As you like to note, members of Congress are normal people. They are often not experts on policy. They listen to their constituents. And their constituents are telling them that national default is a better option than "giving President Obama a blank check." So why would they vote for Boehner's plan, or any plan to increase the debt ceiling?

  2. Not the Tea Partiers -- I'm talking there about the half of the conference that will wind up voting for a compromise. They probably did know what was coming.

    I agree that it's very possible that many new Members didn't know what they were doing, and the Bachmann caucus didn't care.

  3. Re "the rest of the Republican conference", I finally identified someone who speaks for moderate House Republicans: Jo Ann Emerson (R-MO), co-chair of the Tuesday group.

    As of 7/23, she wants "to put an end to runaway borrowing by the federal government", so she doesn't even want a debate on the debt ceiling. The whole thing makes me gag.

  4. After Politico's article on what happened in the Republican meetings, I think it is fare to say that most Republican's know they need to raise the debt ceiling. However, the 20 Bachmann/Tea Party loyalists are a problem.

    I still think some Democrats are needed for Boehner's plan to pass the House.

  5. "... Republican Members are far more concerned about re-nomination than about the general election..."

    And far, far more concerned about either of those than about the well-being of the United States.

  6. "And far, far more concerned about either of those than about the well-being of the United States"

    Indeed, that's how the terms OUGHT to translate. General election ought to equal general welfare in a healthy democratic republican polity in which, to paraphrase Andrew Jackson, the whole of the people will not vote perversely against its own good. According to Jackson, they/we might make mistakes, but would always get things right in the end. If, however, you're convinced that Satan or some reasonable facsimile is the lord of this world, and that the light of freedom can be lost in a generation unless valiant patriots go against the current, etc., etc., then the true national general interest and the minority view are the same: Getting right with the far right is true patriot love American-style.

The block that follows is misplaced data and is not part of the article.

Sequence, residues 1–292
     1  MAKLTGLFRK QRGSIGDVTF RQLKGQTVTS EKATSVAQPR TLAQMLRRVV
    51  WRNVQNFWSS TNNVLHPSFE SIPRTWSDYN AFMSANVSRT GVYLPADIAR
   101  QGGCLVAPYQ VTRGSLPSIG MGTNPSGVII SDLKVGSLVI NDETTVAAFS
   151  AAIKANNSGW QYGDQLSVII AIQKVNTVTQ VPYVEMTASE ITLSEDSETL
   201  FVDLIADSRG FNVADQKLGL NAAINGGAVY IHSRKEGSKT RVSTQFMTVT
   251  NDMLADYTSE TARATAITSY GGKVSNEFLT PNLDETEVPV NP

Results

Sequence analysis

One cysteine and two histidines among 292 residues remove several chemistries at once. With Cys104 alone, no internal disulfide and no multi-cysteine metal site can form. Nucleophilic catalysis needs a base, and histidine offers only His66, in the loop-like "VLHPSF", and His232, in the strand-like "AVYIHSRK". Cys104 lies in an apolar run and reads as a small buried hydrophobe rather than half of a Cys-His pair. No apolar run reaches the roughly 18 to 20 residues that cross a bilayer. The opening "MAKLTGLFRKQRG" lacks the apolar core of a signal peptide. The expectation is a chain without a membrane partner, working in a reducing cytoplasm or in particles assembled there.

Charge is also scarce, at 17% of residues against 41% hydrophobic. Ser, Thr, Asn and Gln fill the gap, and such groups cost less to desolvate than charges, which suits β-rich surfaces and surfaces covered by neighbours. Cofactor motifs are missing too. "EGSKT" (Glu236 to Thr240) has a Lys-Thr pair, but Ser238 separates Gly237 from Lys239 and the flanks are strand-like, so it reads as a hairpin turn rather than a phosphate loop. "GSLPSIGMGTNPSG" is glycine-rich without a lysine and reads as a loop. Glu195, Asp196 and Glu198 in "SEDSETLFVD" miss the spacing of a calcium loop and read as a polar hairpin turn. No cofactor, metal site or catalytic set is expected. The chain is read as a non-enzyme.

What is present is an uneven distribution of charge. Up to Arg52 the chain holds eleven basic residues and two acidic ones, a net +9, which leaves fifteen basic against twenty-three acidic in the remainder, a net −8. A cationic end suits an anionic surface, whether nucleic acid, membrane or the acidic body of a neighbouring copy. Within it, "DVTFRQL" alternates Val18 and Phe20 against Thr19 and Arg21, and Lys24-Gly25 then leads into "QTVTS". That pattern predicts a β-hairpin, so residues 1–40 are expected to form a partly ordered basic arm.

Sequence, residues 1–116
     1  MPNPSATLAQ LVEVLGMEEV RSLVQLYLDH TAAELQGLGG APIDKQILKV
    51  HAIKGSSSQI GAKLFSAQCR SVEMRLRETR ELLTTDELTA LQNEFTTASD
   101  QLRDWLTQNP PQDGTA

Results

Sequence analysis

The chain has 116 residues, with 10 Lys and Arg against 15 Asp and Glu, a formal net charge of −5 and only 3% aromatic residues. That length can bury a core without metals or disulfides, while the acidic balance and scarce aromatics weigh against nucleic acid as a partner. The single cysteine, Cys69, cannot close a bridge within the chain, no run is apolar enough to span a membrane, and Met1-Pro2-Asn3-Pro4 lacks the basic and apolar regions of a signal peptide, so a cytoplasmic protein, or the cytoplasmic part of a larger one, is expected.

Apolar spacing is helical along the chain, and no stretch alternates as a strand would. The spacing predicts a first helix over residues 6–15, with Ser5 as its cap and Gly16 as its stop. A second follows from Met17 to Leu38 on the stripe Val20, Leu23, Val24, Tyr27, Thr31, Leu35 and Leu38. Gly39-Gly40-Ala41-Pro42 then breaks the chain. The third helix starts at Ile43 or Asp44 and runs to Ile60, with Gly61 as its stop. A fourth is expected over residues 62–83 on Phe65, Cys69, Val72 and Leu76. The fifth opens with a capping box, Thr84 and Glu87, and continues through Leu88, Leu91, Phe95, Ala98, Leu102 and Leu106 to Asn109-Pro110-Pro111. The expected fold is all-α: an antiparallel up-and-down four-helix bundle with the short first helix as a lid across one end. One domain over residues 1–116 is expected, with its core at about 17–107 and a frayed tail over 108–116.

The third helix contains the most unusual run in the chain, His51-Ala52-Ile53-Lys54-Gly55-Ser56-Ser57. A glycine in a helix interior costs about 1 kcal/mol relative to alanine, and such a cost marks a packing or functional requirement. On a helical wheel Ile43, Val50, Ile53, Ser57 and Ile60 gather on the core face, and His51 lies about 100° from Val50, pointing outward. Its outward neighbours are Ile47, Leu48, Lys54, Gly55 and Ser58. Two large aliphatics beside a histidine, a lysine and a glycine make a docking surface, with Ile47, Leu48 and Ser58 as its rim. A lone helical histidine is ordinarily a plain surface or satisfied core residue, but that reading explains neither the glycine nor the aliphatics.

Before we dismiss the TPers as a mere collection of fanatics, lunatics, hypocrites, opportunists, and admitted enemies of the state, if we want to understand them rather than just deride them, we have to acknowledge that, as marble-mouthed, reality-distant, and downright dumb as many of them seem, there is an alternative, internally consistent political-economic praxis that they are seeking to implement, that many of them believe has been historically tested and proved, that squares with a version of common sense, and that may appeal to even more fundamental, possibly even unconscious needs. Their economics and their psyches both tell them that punishment must come before progress, before progress itself can be anything other than a false promise, a temporary palliative at best, much more likely vice on the road to the Gulag/perdition.

    The final acceptance of necessary punishment is what they believe really happened in, for instance, the Reagan-Volcker Recession, which those of them who possess an understanding of history understand as the cathartic end to more than a decade of social-political-economic-moral failure, the bill finally coming and being paid - if not in full. Full payment, if "we" can bear it, is what the TP is supposed to be about, even if it can't quite say so explicitly, but instead has to inch up to the admission (DeMint, Broun) If we can't bear it, they believe, we're doomed - so almost anything they do is justified.

    At a certain point this viewpoint does or can become insane, or anyway purely ideological, terms which in the American tradition are almost the same thing, but it's a lot easier to play defense than to articulate and advance a positive alternative.

  7. Isn't CCB popular with the median voter?

    Don't the Republicans just need to sit out the Reid deal, if it comes to that?

  8. "The fact that we are here today to debate raising America’s debt limit is a sign of leadership failure. It is a sign that the U.S. Government can’t pay its own bills. It is a sign that we now depend on ongoing financial assistance from foreign countries to finance our Government’s reckless fiscal policies. … Increasing America’s debt weakens us domestically and internationally. Leadership means that ‘the buck stops here. Instead, Washington is shifting the burden of bad choices today onto the backs of our children and grandchildren. America has a debt problem and a failure of leadership. Americans deserve better."

    Senator Barack Hussein Obama, 2006